What type of hearing loss is tested in Rinne's test? Conductive
Inner ear is composed of what 3 structures Cochlea, Vestibule (utricle & saccule) and semicircular canals
The bony labyrinth contains ______, high in what ion? it is continuous with _____? perilymph, Na, CSF
The membranous labyrinth contains ______, high in what ion? Endolymph, K
Vestibular system helps with what 3 things? Maintenance of posture, muscle tone, eye position with respect to head motion
The labyrinth is subdivided into ______ & _______ static & kinetic labyrinth
Static labyrinth is composed of ______ & ______ which has what function? sacuule & utricle; detects static orientation of head with respect to gravity.
What are the specialized hair cells in static labyrinth called? And they are embedded in ______ which contains _______ macula utricle and macula sacculi; otolithic membrane; CaCO3 crystals
Kinetic labyrinth is composed of _______ which have what function? semicircular canals; detect angular acceleration and deceleration.
Semicircular canals are _____ oriented so they can _____ orthogonally; detect all possible directions of motion.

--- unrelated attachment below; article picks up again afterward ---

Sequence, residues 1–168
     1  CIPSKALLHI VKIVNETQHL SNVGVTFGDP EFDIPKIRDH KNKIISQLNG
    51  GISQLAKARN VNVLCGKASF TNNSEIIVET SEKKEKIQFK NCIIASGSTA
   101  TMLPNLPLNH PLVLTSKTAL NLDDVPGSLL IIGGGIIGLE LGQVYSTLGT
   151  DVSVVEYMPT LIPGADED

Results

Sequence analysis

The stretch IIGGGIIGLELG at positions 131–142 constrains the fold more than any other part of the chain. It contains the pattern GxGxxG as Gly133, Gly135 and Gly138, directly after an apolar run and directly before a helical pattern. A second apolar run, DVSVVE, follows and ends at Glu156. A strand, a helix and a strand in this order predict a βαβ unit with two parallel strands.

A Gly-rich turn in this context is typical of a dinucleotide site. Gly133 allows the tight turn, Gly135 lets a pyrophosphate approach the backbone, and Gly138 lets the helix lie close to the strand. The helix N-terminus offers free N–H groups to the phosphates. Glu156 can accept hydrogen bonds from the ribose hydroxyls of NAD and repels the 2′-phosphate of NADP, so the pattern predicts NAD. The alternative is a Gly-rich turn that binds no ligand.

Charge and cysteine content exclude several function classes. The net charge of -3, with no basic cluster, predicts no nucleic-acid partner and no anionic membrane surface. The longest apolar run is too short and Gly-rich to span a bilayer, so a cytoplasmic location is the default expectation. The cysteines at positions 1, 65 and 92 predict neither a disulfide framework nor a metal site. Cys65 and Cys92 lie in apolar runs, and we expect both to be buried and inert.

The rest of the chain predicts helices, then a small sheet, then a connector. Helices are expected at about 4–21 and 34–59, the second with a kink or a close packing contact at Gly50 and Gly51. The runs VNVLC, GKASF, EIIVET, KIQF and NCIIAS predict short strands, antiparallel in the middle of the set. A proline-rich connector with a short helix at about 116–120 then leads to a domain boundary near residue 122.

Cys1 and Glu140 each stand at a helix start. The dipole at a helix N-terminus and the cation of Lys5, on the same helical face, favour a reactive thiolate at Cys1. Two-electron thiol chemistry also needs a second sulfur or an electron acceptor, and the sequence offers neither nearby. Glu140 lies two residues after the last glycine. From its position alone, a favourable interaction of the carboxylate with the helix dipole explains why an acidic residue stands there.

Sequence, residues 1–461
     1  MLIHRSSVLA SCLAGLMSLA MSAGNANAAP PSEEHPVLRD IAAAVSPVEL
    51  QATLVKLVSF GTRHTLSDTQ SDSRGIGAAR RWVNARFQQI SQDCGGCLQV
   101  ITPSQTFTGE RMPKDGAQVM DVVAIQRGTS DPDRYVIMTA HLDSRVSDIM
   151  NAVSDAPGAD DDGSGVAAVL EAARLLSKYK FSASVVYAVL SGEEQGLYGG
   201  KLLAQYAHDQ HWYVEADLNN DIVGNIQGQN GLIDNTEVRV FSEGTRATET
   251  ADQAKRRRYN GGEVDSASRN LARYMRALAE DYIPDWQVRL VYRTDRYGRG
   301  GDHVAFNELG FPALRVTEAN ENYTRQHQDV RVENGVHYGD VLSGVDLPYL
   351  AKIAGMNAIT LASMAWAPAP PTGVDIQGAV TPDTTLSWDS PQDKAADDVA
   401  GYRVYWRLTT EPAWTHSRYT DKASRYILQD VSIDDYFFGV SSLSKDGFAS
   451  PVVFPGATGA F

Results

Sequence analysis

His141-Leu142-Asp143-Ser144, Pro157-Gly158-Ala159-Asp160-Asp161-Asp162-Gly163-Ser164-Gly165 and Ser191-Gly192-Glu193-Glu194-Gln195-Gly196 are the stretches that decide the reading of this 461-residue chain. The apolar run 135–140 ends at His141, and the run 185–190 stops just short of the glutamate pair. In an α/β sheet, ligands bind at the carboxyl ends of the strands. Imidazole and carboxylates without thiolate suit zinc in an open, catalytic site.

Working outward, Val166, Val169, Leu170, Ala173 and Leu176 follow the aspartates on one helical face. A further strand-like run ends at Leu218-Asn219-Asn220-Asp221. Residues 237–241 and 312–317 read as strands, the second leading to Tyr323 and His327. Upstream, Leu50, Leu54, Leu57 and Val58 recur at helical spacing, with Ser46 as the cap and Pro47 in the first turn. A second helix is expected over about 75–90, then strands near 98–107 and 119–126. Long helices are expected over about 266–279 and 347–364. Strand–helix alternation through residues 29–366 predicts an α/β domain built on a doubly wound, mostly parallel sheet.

Where are the specialized hair cells in the kinetic labyrinth located? What are they called? and they are embedded in a _______ called _____ Ampullae; crista ampullaris; gelatinous mass; cupula
Transduction of vestibular system - ____ ion influx causes hair cells to _____. When microvilli bend toward kinocilium the cells will ______; when microvilli move away, the cell will ______ K, depolarize, hyperpolarize
Where does the vesitibular nerve enter the brain stem? cerebellopontine angle lateral to facial n.
Where are vestibular nuclei located? lateral aspect of floor of medullary and pontine part of 4th ventricle - underlying vestibular area
Axons from vestibular nuclei project to what 3 areas? Flocculonodular lobe & fastigial nucleus of cerebellum; spinal cord (vestivulospinal tract); Brainstem nuclei of III, IV and VI bilaterally via MLF
Fibers from vestibular nuclei ascend to the ________ nuc --> _______ of cortex posterior thalamic nuc; parietal association area
Internuclear ophthalmoplegia is caused by a lesion to what structure? What are the symptoms? What diseases do you see this? MLF; Failure of CN III, IV, VI to carry out synchronous horizontal gaze; MS, or vascular d/e
Exams for Vestibular system? BARANY CHAIR - spin around in chair, when stops should have nystagmus CALORIC TESTING: Cold Opposite Warm Same
Central lesion to vestibular system leads to what sx? Nystagmus in various directions in absence of vertigo
Peripheral lesion to vestibular system leads to what sx? Horizontal nystagmus only in presence of vertigo
Meniere's Disease. Onset? idiopathic; dysequilibrium, nystagmus and vertigo coupled with progressive hearing loss and tinnitus. onset age 20-30
Acoustic neuroma - type of tumor? location? May affect what nerves? schwann cell tumor, usually around IAM or cerebellopontine angle; facial & trigeminal
Created by: mrw2013